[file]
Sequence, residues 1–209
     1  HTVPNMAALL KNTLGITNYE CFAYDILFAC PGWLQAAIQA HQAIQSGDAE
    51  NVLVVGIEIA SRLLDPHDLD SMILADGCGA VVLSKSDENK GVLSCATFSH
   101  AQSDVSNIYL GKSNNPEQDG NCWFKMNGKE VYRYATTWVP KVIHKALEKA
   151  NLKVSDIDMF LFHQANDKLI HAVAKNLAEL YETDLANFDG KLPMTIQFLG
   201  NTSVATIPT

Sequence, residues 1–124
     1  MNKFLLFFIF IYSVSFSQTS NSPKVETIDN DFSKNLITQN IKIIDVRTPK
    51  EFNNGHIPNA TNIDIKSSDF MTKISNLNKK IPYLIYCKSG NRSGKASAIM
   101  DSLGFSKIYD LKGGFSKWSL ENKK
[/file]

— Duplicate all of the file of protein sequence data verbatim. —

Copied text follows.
Sequence, residues 1–209
     1  HTVPNMAALL KNTLGITNYE CFAYDILFAC PGWLQAAIQA HQAIQSGDAE
    51  NVLVVGIEIA SRLLDPHDLD SMILADGCGA VVLSKSDENK GVLSCATFSH
   101  AQSDVSNIYL GKSNNPEQDG NCWFKMNGKE VYRYATTWVP KVIHKALEKA
   151  NLKVSDIDMF LFHQANDKLI HAVAKNLAEL YETDLANFDG KLPMTIQFLG
   201  NTSVATIPT

Sequence, residues 1–124
     1  MNKFLLFFIF IYSVSFSQTS NSPKVETIDN DFSKNLITQN IKIIDVRTPK
    51  EFNNGHIPNA TNIDIKSSDF MTKISNLNKK IPYLIYCKSG NRSGKASAIM
   101  DSLGFSKIYD LKGGFSKWSL ENKK